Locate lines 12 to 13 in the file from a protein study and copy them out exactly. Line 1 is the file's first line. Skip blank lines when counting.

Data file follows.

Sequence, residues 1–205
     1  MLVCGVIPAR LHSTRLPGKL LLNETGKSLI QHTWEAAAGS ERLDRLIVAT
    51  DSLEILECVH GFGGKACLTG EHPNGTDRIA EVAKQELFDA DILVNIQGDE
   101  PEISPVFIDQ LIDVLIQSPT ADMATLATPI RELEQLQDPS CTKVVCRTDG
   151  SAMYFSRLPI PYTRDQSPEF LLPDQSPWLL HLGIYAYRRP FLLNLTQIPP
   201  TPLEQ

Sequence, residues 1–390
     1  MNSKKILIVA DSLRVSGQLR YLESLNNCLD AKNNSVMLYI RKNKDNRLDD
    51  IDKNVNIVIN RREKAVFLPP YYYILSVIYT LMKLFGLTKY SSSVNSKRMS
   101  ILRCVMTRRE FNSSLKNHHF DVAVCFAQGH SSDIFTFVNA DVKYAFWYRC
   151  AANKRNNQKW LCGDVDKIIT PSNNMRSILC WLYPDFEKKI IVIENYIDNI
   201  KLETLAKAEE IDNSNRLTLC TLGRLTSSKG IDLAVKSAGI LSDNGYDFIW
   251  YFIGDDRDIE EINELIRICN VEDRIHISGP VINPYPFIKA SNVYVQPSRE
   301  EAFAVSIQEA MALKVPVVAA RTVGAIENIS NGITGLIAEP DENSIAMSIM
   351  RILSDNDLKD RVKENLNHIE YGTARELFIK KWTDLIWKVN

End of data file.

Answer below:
   201  KLETLAKAEE IDNSNRLTLC TLGRLTSSKG IDLAVKSAGI LSDNGYDFIW
   251  YFIGDDRDIE EINELIRICN VEDRIHISGP VINPYPFIKA SNVYVQPSRE